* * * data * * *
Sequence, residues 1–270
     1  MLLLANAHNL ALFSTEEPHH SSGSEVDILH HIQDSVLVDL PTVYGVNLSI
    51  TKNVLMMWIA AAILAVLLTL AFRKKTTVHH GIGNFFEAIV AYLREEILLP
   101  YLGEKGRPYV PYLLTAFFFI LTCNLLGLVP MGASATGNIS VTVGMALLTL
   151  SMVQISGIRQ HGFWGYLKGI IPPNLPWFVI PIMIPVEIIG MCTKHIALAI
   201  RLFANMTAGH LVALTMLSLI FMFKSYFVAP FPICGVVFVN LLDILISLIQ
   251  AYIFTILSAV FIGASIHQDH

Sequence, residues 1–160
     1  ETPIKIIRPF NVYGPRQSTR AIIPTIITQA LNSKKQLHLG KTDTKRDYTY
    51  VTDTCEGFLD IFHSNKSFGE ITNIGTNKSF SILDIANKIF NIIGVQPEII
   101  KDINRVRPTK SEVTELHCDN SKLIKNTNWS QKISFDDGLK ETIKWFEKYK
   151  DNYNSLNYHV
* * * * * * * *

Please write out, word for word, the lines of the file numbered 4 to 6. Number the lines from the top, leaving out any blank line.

   101  YLGEKGRPYV PYLLTAFFFI LTCNLLGLVP MGASATGNIS VTVGMALLTL
   151  SMVQISGIRQ HGFWGYLKGI IPPNLPWFVI PIMIPVEIIG MCTKHIALAI
   201  RLFANMTAGH LVALTMLSLI FMFKSYFVAP FPICGVVFVN LLDILISLIQ